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Alice Ripley


Alice Ripley played Genevieve in the spring 2005 production of The Baker's Wife at Paper Mill Playhouse (page with photos).

Recordings - Ripley CDs

Interviews - including our exclusive Alice Ripley: A Songbird Speaks about "Meadowlark" and More from March 2005


Duets cover - Ripley and SkinnerDuets - (Varese Sarabande, 1998) Duets - [Amazon.com]
Alice Ripley and Emily Skinner sing Stephen Schwartz's "Two's Company" (From The Magic Show) and "If We Never Meet Again" - a song cut form Rags

imageAlice Ripley: Everything's Fine

Stephen Schwartz Album cover Alice Ripley sings "West End Avenue" Stephen Schwartz Album

album cover - Ripley and Skinner for more see: Alice Ripley CDs at Amazon.com - new and used - including Unsuspecting Hearts

Interview with Alice Ripley

Alice Ripley: A Songbird Speaks About "Meadowlark" and More

Published for an issue of The Schwartz Scene

By Morgan LaVere, March, 2005 - Copyright by MusicalSchwartz.com

I recently had a chance to chat with the lovely and talented Alice Ripley, shortly before she began rehearsals for the upcoming Paper Mill Playhouse production of The Baker's Wife - Music and lyrics by Stephen Schwartz

Morgan LaVere: When I heard that Paper Mill was doing The Baker's Wife, and they cast you, I thought that is the perfect actress matched with the perfect role. I can't wait to see it.

Alice Ripley: I am thrilled that I get to participate in this show, because I have loved the score since the first time I heard it, which was really a long time ago. And I think it's really special. I think the show is like a little jewelry box. You know, with the little dancer, you open it up and there's a little ballerina twirling? That's how I've always thought of this show. I always thought the show was the most beautiful piece. When I heard the score for the first time and I realized what the show was, I decided that Stephen Schwartz was a god.

ML: Do you remember the first time you heard the score?

AR: Oh my gosh. It was a long time ago. I was in college. I can't tell you too much, because I have to leave some imagination to people. If they want to find out how old I am, they can do it easily. But suffice it to say that the score has been inside me for a long time. And I was a fan of Pippin and Godspell.

ML: Have you done a Schwartz show before? I know you've sung his songs on a lot of CDs.

AR: I did Godspell when I was in high school. And when I heard The Baker's Wife, by the time I got to college, I just decided that he was an amazingly gifted composer, and that I had to sing the song "Meadowlark" whenever I possibly could, for any reason, because it's just so beautiful. The reason why it's become a classic is because it is musical theatre. The song is a perfect example of when musical theatre works well. And I feel that way about the whole score. I'm very picky about shows that get underneath my skin. Scores don't do that unless they're really, really professional. And this score is definitely in a class by itself, I think.

ML: Absolutely.

AR: It's so beautiful.

ML: A million people have sung "Meadowlark," and like you said, you've sung it before too. What's the difference of actually playing Genevieve, and getting into her skin? Is it changing the way you think about that song, and the way you're interpreting it?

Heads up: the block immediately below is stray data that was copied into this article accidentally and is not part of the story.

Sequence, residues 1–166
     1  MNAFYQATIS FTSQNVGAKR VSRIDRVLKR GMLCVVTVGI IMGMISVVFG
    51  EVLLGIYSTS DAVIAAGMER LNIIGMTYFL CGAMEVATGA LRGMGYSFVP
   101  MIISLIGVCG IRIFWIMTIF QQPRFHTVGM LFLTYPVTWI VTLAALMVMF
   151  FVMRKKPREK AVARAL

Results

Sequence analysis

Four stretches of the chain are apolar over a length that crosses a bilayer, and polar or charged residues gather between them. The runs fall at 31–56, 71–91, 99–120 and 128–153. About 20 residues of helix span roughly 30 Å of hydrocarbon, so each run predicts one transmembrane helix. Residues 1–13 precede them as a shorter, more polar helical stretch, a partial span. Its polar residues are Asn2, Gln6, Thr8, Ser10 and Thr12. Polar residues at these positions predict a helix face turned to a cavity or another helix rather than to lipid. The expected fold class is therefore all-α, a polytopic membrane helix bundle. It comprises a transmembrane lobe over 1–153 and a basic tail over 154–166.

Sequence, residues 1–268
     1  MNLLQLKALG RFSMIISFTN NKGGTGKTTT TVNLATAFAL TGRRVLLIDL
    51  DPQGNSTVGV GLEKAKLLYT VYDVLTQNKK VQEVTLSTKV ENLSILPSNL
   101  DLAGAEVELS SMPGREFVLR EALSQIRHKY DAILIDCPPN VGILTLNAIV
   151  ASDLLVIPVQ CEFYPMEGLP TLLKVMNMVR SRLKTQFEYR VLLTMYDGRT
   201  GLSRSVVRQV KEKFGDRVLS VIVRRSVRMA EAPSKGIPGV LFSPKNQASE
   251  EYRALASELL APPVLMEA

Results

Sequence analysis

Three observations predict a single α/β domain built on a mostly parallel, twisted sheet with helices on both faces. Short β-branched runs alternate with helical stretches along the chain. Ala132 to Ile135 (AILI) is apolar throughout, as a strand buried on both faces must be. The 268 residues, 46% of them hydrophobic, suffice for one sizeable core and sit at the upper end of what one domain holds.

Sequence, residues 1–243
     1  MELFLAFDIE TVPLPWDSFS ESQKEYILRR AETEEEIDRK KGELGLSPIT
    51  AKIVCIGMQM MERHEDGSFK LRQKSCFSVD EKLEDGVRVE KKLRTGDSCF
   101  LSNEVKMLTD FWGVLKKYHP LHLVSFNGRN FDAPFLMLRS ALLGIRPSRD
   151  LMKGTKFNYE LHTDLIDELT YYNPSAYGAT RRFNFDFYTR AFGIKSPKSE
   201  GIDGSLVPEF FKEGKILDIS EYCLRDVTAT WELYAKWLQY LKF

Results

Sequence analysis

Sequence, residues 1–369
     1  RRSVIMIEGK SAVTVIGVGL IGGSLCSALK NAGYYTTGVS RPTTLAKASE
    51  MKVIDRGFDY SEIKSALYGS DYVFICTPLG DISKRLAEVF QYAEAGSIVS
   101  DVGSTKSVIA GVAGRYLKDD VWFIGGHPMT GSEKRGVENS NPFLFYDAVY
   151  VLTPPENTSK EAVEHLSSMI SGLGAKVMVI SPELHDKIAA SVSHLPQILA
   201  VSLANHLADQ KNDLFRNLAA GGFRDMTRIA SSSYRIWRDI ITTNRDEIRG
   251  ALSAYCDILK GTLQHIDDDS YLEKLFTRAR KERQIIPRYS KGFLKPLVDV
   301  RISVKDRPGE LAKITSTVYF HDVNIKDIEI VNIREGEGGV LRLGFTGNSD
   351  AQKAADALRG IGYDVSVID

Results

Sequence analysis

AR: Well, yes, and I'm resisting it somewhat. We resist change. So there's part of me that's resisting the knowledge that my relationship to this song, and this score, is going to change. But I think it's going to change for the better. And it needs to. Because Genevieve is a complicated woman.

ML: Yes, she is.

AR: And the way that I've always sung that song has been from my perspective, and the way that I did it was just to tell my personal story. But when I play Genevieve, it's going to be different, because I'm telling her story. And she's different from me, in many ways. But the times I've been most successful with my acting is when I'm really just being myself. So there are parts of Genevieve that are me, and I just have to find what they are and connect with that. But I'm preparing myself for the fact that my relationship with the show is going to change by playing the role. And I'm really so excited about doing this show! I just feel like it's destiny for me, in a way.

ML: How did it come about? Have you worked with Gordon Greenberg [the director] before?

AR: No, I haven't. It seems like every few years there's an engine that gets behind this show. It's obvious that Stephen is in love with it. A few years ago, he conducted a few workshops in town, and I participated in them. In one version Joe Mantello was the director, and Matt Bogart was Dominic, and Cass Morgan was the cafe singer, and Hal Linden was the Baker. And just that little production in a room, I think we were at 890 Broadway, just that little workshop that we did was so magical. I remember the first moment when Stephen came in and sat down at the piano and said, "So, do you want to do 'Meadowlark'?" and I just looked at him like, uh, I think I'm going to pass out. And so I sang "Meadowlark" with him, and I thought I was going to faint. I knew that it was a significant moment for me, to be standing there singing "Meadowlark" with Stephen Schwartz playing the piano. Those moments? Those are few and far between. That was a remarkable moment, and I'll never forget it. And I think that might have made an impact on him as well. Maybe I've popped up in his head as Genevieve. That might be how I'm associated with it now. Because to tell you the truth, I don't think my audition was that great. I was so nervous!